Having switched to feeding raw, I have already seen benefits for my dogs. Honey, who had difficulty putting weight on, is now rounded and eats her meals with gusto, rather than picking at the kibble.
Here is what Kim from The Dogmum Bakery has to say:
Okay, so now you’re wondering why, with all this wealth of evidence to suggest why dogs should be eating raw, unprocessed food, companies continue to produce pet food. Well that’s because they’re marketing it to us not the dogs. If we’re not familiar with a dog’s natural diet, we’re going to trust others, and oftentimes they’re more concerned about making a profit. To me it would be like the CEO of McDonalds talking about children’s nutrition. Yes okay they have fruit packs, and salads, but you still wouldn’t feed your child exclusively from McDonalds and you wouldn’t trust someone who stands to make a massive profit to give you that advice.
And sad to say this, but yes, those bags of kibble in the vets aren’t the worst offenders for being full of ash and filler, and yes if you are going to buy a processed food, these would be the least harmful, but sadly vets are still businesses. They are paid to promote those foods. Ever notice that one vet practice tells you the brand they promote is the best brand, and another vet will say the same for another? If it really was the case that this is the absolute best, surely they would agree and other brands would be completely irrelevant, and major brand pet foods would become fewer and further between, as they would be completely disapproved of by vets, and instead this magic vet food would take over.
I have been very fortunate enough to have taken most of my animals (before I moved far away) to a vet’s practice which did not promote any brand of food in the slightest and was the runner up best vet in the country (yes, really!) He won the official award from PDSA! He praised my decision to feed raw. He asked me about the components of the raw feed and quantities and gave advice on doing so, particularly for my border collie with lupus (and multiple allergies).
A lot of vets are often concerned that feeding a dog on a homemade diet will not allow for a dog to get everything he or she needs in their diet, and the specially formulated “science” ones they sell have all the nutrients the dog needs (plus a load of filler!) so if someone is ill-informed it may be better to give them the processed junk. Okay, go back to the McDonalds analogy for a moment. I would personally say that yes it is better to give a child 3 meals from McDonalds rather than giving them one small apple once a day for example. But you would be better informed and educated than to give them just that – so do the same for your dog!
If you do your research, you really don’t need to fret. And believe me, it’s a lot easier to get all those nutrients in than you think, as long as you know what they need. And if you’re really really worried? BARF websites often have a shop where you can buy the supplements in a natural ingredient based powder to sprinkle over the dog’s food.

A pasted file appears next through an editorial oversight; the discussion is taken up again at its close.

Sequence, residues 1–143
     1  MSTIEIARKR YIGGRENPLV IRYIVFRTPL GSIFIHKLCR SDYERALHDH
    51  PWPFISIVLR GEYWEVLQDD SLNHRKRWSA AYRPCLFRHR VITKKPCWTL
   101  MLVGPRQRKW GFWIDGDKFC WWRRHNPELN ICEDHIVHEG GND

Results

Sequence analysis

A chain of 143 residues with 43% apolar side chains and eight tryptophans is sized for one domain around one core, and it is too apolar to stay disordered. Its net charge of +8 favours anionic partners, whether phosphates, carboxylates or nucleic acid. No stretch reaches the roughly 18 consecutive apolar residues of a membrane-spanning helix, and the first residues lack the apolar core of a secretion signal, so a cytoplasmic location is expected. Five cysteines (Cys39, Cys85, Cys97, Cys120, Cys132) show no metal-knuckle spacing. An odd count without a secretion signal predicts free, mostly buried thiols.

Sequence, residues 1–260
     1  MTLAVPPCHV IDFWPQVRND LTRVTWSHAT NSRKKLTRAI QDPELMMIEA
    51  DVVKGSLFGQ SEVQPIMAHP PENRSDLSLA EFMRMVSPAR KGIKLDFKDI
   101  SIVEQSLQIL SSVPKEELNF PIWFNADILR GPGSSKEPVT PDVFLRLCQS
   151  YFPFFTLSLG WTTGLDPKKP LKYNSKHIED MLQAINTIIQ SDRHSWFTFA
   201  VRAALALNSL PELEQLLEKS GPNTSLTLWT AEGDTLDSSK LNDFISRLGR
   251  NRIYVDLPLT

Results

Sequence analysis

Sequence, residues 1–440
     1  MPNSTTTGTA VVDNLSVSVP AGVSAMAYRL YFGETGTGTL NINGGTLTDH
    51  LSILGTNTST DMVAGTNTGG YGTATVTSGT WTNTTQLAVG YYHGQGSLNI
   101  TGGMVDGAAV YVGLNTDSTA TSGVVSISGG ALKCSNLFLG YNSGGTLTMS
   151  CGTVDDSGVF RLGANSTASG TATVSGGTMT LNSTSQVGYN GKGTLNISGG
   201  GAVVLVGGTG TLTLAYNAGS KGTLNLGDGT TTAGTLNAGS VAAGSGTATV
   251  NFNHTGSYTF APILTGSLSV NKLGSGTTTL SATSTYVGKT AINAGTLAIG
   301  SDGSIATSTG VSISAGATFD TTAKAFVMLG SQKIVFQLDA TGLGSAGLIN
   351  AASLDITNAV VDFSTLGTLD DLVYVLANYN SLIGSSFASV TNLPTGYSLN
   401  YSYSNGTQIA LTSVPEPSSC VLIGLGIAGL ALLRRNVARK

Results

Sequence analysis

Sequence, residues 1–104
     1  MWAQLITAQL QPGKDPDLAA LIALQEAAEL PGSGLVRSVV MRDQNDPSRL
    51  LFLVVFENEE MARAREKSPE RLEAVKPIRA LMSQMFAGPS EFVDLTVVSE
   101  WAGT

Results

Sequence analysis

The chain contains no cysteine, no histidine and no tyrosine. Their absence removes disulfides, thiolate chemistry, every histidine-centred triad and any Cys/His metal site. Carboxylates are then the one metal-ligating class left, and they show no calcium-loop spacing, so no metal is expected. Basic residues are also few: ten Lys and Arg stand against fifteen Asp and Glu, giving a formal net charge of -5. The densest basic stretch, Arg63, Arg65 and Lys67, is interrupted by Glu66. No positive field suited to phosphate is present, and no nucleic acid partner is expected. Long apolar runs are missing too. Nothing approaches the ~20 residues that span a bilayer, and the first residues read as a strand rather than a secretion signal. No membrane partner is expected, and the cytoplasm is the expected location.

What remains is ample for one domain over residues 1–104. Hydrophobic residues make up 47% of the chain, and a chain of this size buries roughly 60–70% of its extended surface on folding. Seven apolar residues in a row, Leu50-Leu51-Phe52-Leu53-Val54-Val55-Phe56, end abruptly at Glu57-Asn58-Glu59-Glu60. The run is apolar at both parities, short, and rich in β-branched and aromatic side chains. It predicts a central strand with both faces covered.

A little fact I found out:
“The first ingredient on the label should represent what the dog food is most made out of,
but beware, as this is not always the case
Using chicken as an example, when a dog food lists a meat in the ingredients such as “chicken” it is going by the weight in the meat’s raw state, before it was cooked. Chicken in its raw state weighs about 80% more than it does once it is cooked and processed into a dry pellet. Once it is processed you are left with only 20% of the actual meat.”
So when you then see that the food is 40% chicken for example, it’s only 20% of that 40%, which is only 8%!!! What is the other 92%?! Do you really want to know? I’d rather not know and NOT feed my dog that.
Are you a smoker? Would you flick your ash in your dog’s bowl and expect him/her to eat it? Would you dust out your fireplace and pour the ash from the fire into your dog’s bowl and expect gratitude from him/her? Would you expect that it would provide any nutritional value at all? No? Then why buy a food which lists ash as one of its ingredients?
I will backtrack on myself for one moment here. Ash can be beneficial to a dog’s diet – if the ash has come from the burning of animal remains, this provides calcium and phosphorous which are essential in a dog’s diet. But there are far better foods to feed them to get these minerals. Particularly as it doesn’t state how much mineral is in the ash, and there is very little chance of ever finding out. Furthermore, unless it states the source of the ash, there is nothing to guarantee where this ash has come from. It could be plant ash, it could be animal ash, it could be a combination, or it could be far worse to bulk it out.
The food might not be doing your dog any harm, but that’s not to say it’s doing them any good. It’s like the difference between petrols – one type (stuff like 4 star, 3 star) will make your car run, another type (unleaded, super unleaded) will make it run smoothly and prolong the “life” of the engine.
If you cannot guarantee the source of the ingredient, why trust it?
Part 4: The relationship between canine behaviour and nutrition
Part 5: What I feed my dogs and how to feed
Part 6: How to source the food to make the most of your money
Part 7: A list of great foods and a sample meal.